CHALLENGING EXPECTATIONS INTERNATIONAL WOMEN'S DAY
By Stephen Wilson
"I don't want presents on this day. I find it funny to
see so many men running around buying expensive
flowers and presents for their girlfriends. But what
women need is for men to respect them and not to
scold them at home. They should try and create a
more peaceful environment at home where both of
them feel relaxed!" stated a young economist from
Siberia called Anastasia. She was not referring to
International Women's Day which is held on the 8th
of March but Saint Valentine's Day. It seems that
many men feel under obligation to lavishly shower
their girls with presents on both occasions despite
the fact that the former is largely a Western
tradition. Yet I suspect her words apply to both
occasions suggesting different women want
something more than just presents and pretty
speeches but active respect and acknowledgement
where they are not treated as an abused object or taken for granted cleaner.
Witnessing the eve of International Women's Day
itself remains a fascinating spectacle. Men appear
to rush around two days before the event purchasing
flowers at a cheaper rate to avoid the spiked-price
rise on this date. You see men frantically hunting out
all kinds of gift shops. Given the amount of flowers
which are sold on this date you might as well rename
it : The Day Of Florists!
The original political roots of such a day remain
obscure to most young Russians. It is no longer
held to be a day of protest as in the west but often
another 'Day off'. The day was originally
commemorated to remember American and German
female strikers seeking to improve better conditions.
Clara Zetkin and Rosa Luxemberg, on the 8th March at the second congress of the Socialist
International , persuaded delegates to commemorate the efforts of women protesters in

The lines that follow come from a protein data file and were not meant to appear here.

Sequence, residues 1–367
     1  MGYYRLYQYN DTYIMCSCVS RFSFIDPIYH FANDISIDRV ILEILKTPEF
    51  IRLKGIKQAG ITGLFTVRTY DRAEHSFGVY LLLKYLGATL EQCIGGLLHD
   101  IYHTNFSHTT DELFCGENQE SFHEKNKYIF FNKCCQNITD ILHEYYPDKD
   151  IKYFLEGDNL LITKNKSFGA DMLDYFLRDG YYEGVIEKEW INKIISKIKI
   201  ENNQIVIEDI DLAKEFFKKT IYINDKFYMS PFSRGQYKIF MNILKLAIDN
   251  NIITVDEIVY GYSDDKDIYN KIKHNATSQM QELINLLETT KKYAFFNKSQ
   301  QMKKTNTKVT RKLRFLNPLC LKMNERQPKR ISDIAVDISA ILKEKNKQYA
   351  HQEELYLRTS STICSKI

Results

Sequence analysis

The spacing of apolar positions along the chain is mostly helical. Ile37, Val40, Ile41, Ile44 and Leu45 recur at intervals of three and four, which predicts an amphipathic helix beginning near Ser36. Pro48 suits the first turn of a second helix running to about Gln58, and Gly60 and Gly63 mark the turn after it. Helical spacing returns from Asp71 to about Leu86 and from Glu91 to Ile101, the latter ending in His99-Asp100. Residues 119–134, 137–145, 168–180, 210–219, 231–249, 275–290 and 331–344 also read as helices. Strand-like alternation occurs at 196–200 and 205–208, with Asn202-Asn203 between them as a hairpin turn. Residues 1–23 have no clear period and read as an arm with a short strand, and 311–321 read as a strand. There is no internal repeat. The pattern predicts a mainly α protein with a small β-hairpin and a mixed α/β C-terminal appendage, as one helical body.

Prussia during the revolution of 1848.
Now if you read government posters hung up in
shops around Moscow you simply hear that it is
The Day of Spring, Beauty and Love. One wonders
if women are being fobbed off. The fact is that the
social status of women has tumbled alarmingly.
Even physically beating up a woman is no longer
viewed as a serious crime but a mere domestic
dispute where the police are under no obligation
to intervene even if it results in murder. A recent
horrific case arose when a woman appealed to
the police to defend her from her ex-husband who
was threatening her with death. The police woman
answered: "We will only come to you when you
are dead". Shortly afterwards, the poor woman
was murdered by her ex husband. The police
officer who answered her happened to be a
woman! The abuse of women ought to be seriously
addressed on this and many more occasions!
A recent survey indicates that the attitude of Russian
women appears to be ambivalent and don't justify
prevailing conceptions that Russian women are
very passive, submissive and complacent concerning their plight. According to one survey by the Atlantic service Rambler, as many as 27% would prefer to cancel such a celebration as they don't see much to be happy about.
However, some research by sociologists indicates
that most Russians share in carrying out domestic
chores such as doing the shopping, taking the dog
for the walk as well as giving lessons to their children.
However, 57 % of women expect men
to fix things and 75% believe he should contribute
more to the family budget than women. Svetlana Wilson told me: "I'm not against celebrating such a day. I only object to being told that I have to celebrate this day by the government. I would prefer to celebrate out of my own choice".
A 16-year-school girl Natasha told me : "I like how
they are celebrating it in the West with meetings and
rallies where they can raise issues. But in Russia how we celebrate it in comparison seems primitive".
I once came across a Russian musician who told
me: "Unlike in the West, we don't have emancipation in Russia." I lamented, if only it were true. Dream on!